Take five: Mike McMillan prepares for new job as Urban League CEO
This article first appeared in the St. Louis Beacon, July 17, 2013: Michael McMillan has spent a good part of his career in politics and government, but he is no stranger to the Urban League of Metropolitan St. Louis. His goal -- to make community service his life mission -- was fulfilled this week when the local league’s board of director selected him as the group’s next chief executive, replacing James Buford, who is retiring after running the agency for 28 years.
McMillan, 41, is in second term as city license collector. Before that, he was Democratic alderman of the 19th Ward, which takes in midtown, where the league’s headquarters is located.
Once he steps down as license collector, Gov. Jay Nixon will appoint a replacement who would serve out the remainder of McMillan's term, which runs until early January 2015. The office would next be on the ballot in 2014.
Debra Denham, chair of the league’s board, praised McMillan’s selection, saying his “skills, leadership and expertise are what's needed to build upon the Urban League's great legacy in the St. Louis community." He begins his new job Aug. 5.
During a brief interview following his new appointment, McMillan discussed a range of issues. The interview was edited for clarity.
The league’s mission is to equalize life’s chances for African Americans with emphasis on educational opportunities and training. What’s your reaction to the fallout from the latest school transfer program involving the Normandy, Riverview Gardens, Francis Howell and Mehlville districts?
McMillan: It brings up many different issues that we saw decades ago when we were dealing with busing. It has ignited some of the fears from a socioeconomic and racial standpoint of many of the different stereotypes that we have in St. Louis about different people. But we know from dialogue, understanding, and a proven school transfer track record that many of the fears and the misperceptions are unfounded. We have some very successful integrated schools throughout the region and the country, and this transfer program will not be as negative as some people fear.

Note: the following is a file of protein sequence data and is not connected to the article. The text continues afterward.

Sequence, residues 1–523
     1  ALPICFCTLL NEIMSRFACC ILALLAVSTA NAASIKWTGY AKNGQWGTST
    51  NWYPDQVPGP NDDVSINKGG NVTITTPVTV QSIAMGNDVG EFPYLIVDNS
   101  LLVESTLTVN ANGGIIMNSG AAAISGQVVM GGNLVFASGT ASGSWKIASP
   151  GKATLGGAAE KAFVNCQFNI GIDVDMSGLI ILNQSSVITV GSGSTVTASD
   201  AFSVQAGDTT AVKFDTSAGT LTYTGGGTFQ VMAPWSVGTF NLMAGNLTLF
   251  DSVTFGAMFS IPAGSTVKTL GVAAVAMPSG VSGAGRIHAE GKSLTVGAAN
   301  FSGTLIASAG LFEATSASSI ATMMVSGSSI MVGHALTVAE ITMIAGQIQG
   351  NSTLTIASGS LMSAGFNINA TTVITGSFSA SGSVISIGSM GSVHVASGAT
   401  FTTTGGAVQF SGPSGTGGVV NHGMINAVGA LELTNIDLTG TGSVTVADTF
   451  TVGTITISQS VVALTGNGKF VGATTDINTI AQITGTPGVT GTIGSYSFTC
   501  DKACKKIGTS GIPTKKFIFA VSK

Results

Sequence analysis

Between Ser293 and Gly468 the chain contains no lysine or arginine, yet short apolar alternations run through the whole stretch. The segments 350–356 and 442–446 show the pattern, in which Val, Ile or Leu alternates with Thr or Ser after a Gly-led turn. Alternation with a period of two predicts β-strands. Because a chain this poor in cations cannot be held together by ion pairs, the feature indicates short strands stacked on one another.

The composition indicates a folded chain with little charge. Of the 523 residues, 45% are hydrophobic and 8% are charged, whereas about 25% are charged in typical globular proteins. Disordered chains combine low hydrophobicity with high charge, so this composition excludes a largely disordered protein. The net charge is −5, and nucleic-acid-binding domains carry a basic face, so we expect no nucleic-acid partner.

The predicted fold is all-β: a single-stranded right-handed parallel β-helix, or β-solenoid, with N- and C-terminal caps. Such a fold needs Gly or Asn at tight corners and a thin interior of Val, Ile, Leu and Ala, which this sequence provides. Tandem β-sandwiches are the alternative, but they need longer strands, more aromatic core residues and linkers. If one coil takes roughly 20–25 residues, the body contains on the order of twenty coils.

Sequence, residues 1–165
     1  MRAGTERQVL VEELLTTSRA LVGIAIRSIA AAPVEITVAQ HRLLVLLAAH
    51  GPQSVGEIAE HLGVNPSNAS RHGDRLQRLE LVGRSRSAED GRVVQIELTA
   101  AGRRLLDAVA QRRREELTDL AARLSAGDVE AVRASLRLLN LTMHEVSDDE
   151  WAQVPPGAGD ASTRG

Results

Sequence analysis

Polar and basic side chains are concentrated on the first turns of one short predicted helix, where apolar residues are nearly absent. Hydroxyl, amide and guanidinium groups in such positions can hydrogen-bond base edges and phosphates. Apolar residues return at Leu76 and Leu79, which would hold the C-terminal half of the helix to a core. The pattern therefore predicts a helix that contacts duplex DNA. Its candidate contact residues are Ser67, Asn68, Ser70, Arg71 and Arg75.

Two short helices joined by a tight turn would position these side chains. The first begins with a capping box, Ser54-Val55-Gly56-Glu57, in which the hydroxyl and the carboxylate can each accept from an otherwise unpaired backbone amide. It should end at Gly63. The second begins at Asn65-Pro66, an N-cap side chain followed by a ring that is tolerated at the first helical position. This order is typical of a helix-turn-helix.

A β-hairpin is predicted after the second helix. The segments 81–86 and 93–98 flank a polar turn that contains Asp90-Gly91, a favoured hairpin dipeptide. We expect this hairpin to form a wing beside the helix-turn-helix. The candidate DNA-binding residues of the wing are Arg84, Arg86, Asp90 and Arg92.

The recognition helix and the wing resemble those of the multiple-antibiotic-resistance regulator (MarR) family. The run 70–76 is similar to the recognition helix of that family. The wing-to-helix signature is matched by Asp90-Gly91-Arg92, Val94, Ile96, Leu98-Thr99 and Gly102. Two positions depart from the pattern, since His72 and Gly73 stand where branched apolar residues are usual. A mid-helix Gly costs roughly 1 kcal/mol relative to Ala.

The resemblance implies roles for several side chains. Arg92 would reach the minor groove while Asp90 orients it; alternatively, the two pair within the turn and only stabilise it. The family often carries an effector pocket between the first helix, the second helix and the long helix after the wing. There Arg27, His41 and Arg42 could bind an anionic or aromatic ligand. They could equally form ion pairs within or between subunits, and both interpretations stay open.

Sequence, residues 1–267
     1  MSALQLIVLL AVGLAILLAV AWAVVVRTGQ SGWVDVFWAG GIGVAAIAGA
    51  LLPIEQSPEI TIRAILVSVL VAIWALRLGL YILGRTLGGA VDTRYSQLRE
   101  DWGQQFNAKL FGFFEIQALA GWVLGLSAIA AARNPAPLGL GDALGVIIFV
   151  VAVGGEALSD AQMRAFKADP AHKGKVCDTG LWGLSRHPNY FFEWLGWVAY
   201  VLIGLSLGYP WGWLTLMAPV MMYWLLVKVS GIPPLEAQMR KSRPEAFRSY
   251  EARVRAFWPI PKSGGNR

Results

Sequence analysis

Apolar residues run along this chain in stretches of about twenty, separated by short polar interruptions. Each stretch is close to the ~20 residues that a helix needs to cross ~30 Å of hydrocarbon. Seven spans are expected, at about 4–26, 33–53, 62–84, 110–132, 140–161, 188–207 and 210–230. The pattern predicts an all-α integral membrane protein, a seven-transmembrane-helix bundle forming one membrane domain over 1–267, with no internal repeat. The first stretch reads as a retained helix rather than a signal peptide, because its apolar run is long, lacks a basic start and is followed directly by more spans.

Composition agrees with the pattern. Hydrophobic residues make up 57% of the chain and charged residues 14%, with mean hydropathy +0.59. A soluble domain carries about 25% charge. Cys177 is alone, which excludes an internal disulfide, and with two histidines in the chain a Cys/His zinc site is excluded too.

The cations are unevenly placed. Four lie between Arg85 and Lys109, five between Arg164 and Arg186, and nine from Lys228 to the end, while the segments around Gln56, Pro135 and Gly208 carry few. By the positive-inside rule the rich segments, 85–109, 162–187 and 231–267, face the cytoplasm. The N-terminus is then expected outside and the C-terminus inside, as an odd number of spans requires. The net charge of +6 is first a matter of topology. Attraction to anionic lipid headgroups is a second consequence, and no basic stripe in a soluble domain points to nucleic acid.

There is a generation of young people behind you that doesn’t seem to be as connected to groups like the Urban League as the generation before them. How do you intend to bring them into the fold?
McMillan: You bring up a very significant point about how do we make sure the Urban League is relevant to the younger generation. I would like to get them involved as teenagers and young professionals. We have a very strong young professional chapter here that has won national awards. But we have to do more to engage the younger generation to make sure they understand that the Urban League is relevant to them in terms of what it has done and is doing.
What are some of the region’s strengths and weakness in terms of helping young professionals, particularly African Americans, locate or stay in St. Louis.
McMillan: We have many different things in St. Louis to inspire young people. We have the No. 1 Urban League affiliate in the country. We have the No. 1 African-American business in this country, Worldwide Technology. St. Louis is also home to the nation’s No. 1 black newspaper, the St. Louis American, and we have plenty of government and business leaders.
There are also a number of different things happening to engage young professionals. The Regional Business Council has brought together a thousand African Americans and other minorities that many people didn’t even know existed. Many of them are from out of town. The idea is to familiarize them with the culture and institutions, put them on boards and committees, engage them in civic life and help them make the transition and feel comfortable living in St. Louis. A lot of attention has also been focused on an immigration committee that has been formed to boost the St. Louis population, make sure it is not stagnant but is growing beyond the national average.
Some people will be surprised by your appointment, mainly because they had assumed that one day you would run for mayor.
McMillan: No interest whatsoever. You don’t even have to finish the question. I started my career in not-for-profit, social service activities when I was a teenager. I started in social services as a volunteer. Even before I was old enough to vote, I joined the Urban League. I’ve maintained my involvement in social service during my whole time in government. I am happy to transition back to that on a professional basis. That was always my goal.
James Buford, the outgoing CEO of the local league, is leaving you with very big shoes to fill.
McMillan: I’m very grateful to this board for choosing me. I’m looking forward to working hard to continue to implement the agenda of the Urban League. You are right. Mr. Buford has left me with very huge shoes to fill. His legacy is an enormous one, not only in St. Louis but nationally. That’s why this affiliate is the top in the country. My job is to learn as much as I possibly can from him, the board, the 200 employees, and partners, and understand all the nuances of the 25 programs. My hope is to grow the agency with additional programs and activities in the future.